And next comes from Gabrielle from down under in Aussie land, “Deah Brad, and team. I’m enjoying your podcast. Thanks for making it. I’ve been listening for a few months now. How’s that for an Aussie accent? I think that was spot on, I don’t know. Aussie listeners, will you give me the straight scoop? Anyway, Gabrielle says in between other shows, I’ve heard a lot of useful information. I also like your focus going back to the show’s title and the non- arrogant approach is very attractive and makes this thing more enjoyable. Well, thank you for the compliment, deah. She just listened to the parenting episode about not giving kids too much or nonspecific praise as a mum of two young boys. This was very useful. Thanks for being so brave to narrow cast it. I think I’m going to say I’m proud of my kids, but remove the statement from anything achievement linked and show them that I am just inherently proud of them for my sake, but they don’t have to earn it. A beautiful, very well said, Gabrielle, thank you. That’s exactly the message that I was trying to convey. And of course the author is, uh, Ashley Merryman, who I had on the show and Po Bronson, you can be proud of your kid, your kid’s character and the person that they’ve become. I’m proud of the young man that you’ve become. I’m proud of the young lady that you’ve become, but not associating it with a specific performance is the trick here. Okay. Uh, they also back to the original article that I was referencing the Inverse Power of Praise, um, how not to talk to your kids. That’s the New York Times article from 2007. And of course the book Nurture Shock that it emanated from, uh, Ashley Merryman and Po Bronson writing that if you’re a parent, please go buy the book, Nurture Shock. It’s wonderful. It’ll change your perspective to parenting.

Brad (19:53):
But the other attribute that came in there that was somewhat controversial was they were talking about, um, uh, you know, it may not be valuable to tell your daughter that she’s pretty because culture tends to traffic on looks and females tend to associate their self esteem with their physical appearance, to their detriment as they go through life, rather than nurturing other skills. If they just traffic on their looks, they’re going to end up a trophy wife someday, Hey, nothing wrong with that, if you’re happy, but you know what I’m getting at here. So instead of telling your daughter, you’re so pretty, you’re so beautiful all the time. Um, you kind of make that nonspecific and make a statement like, you know, you’re beautiful inside and out. So I’ve used that line on my daughter since 2007, rather than, uh, you know, trying to get this, um, potentially negative association with, uh, one’s appearance and one’s self worth self esteem, or what attributes they present to the world. Does that make sense?

Brad (21:01):
Instead of, I guess the a counter example would be, Oh, you’re going to be a real heartbreaker when you get into high school and things like that. And the girl smiles who’s 14 when she meets her uncle and, and these kinds of things, I can see the potential negativity there. Right. I think it’s pretty clear that we might want to take a step back from that, especially when our culture is so, uh, over-sexualized and so caught up on appearances and the celebrities are, you know, um, just flaunting that to the extent that we’ve never seen before. So yeah. Be chill, develop your entire personality and you’re beautiful inside and out, sweetie. Very nice back to Gabrielle’s letter. Um, granted I have philosophical conversations with my daughters about what all these words mean. So I think they might understand that parents are also silly humans without all the perfect words. every time I hope I’ve also lately been aware of removing any specific praise from mention of love, not wanting to link the two Oh, the tricky psychological minefield of parenting. So I really appreciated that episode. Oh yeah. That’s great.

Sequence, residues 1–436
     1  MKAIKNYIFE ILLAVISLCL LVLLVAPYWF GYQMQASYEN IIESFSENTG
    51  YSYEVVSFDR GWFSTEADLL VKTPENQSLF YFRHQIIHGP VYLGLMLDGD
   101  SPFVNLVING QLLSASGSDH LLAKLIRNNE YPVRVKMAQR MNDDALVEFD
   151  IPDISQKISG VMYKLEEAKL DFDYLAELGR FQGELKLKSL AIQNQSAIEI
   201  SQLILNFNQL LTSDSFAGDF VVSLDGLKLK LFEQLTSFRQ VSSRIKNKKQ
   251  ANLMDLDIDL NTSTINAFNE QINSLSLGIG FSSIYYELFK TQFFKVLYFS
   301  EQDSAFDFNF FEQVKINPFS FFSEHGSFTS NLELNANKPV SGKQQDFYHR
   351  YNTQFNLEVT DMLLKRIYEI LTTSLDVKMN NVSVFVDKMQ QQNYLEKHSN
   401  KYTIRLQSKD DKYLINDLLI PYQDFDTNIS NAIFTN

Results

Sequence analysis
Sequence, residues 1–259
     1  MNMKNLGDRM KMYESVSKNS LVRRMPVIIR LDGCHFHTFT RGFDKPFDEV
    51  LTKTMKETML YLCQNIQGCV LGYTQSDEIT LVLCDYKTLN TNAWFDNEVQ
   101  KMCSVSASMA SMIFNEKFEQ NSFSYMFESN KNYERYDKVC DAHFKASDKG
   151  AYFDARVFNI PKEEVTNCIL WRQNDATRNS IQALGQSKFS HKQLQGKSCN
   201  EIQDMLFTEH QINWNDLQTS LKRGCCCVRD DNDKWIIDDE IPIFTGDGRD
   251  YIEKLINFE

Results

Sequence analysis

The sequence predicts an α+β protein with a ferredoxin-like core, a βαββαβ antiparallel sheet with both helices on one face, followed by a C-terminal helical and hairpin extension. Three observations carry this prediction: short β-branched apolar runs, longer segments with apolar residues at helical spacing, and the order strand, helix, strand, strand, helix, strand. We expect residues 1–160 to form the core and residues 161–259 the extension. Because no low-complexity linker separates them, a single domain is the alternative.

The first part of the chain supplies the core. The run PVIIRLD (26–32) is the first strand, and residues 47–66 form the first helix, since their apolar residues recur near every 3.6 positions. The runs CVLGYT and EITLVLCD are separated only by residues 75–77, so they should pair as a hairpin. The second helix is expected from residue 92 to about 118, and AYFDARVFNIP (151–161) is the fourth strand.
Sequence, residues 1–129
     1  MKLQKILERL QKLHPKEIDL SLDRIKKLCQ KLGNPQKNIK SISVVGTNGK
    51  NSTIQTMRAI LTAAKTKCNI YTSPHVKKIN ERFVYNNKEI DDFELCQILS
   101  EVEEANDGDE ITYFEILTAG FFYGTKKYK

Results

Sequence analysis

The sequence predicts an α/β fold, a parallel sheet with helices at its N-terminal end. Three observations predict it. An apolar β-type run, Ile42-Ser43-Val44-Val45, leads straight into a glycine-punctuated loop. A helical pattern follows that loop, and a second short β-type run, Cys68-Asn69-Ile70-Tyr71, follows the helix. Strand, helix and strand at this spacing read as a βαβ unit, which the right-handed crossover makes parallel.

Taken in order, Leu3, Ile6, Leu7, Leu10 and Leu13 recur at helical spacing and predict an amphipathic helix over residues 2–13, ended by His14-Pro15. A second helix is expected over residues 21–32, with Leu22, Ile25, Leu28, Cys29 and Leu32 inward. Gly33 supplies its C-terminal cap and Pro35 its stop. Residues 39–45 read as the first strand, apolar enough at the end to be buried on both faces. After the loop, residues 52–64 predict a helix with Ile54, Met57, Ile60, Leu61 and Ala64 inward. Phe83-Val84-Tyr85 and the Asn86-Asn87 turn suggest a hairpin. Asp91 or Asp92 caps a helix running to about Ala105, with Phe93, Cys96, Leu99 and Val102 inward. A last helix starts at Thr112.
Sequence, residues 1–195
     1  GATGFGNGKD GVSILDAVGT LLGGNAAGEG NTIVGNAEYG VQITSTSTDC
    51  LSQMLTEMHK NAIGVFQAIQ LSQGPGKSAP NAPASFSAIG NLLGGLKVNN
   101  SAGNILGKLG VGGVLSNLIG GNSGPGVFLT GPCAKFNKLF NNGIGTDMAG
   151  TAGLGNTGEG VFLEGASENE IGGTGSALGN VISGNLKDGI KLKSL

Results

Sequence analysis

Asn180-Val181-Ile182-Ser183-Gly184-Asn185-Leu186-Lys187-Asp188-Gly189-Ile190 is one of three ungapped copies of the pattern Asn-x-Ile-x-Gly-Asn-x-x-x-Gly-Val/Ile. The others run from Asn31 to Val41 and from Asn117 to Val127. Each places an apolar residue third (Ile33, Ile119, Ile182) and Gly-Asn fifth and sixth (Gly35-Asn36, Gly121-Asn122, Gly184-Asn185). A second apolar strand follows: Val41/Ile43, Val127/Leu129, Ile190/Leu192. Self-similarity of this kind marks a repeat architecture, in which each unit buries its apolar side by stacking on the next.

Brad (22:14):
So the praise can come along, right? Wow. You did a great job on that painting. I can tell you worked really hard. I noticed the detail on the birds up here in the corner. That’s a huge difference from you’re such a talented artist. I love you so much. Ah, gag me with a spoon as they say in the Valley, not in Australia, but can you see the potential adverse impact of a statement like that where you’re connecting? Uh, first I did a double faux pas there saying you’re such a talented artist. I love you so much. So the, um, praising the inherent talent rather than the effort is what causes kids to rest on their laurels and be averse to taking on additional challenges where they have the potential of failing because if you’re a talented artist, Oh my gosh. Now they’ll sudden that’s part of your self esteem and you don’t want to go in and challenge yourself with a more rigorous, uh, educational track because maybe then you won’t find out that you’re the most talented artist in the whole region of Australia of what have you. Okay. So that was the first mistake and then connecting someone’s artistic talent with your love for them. That’s a movie mom. No TCS. Okay. Great letter by Gabrielle. Thank you so much.

Brad (23:31):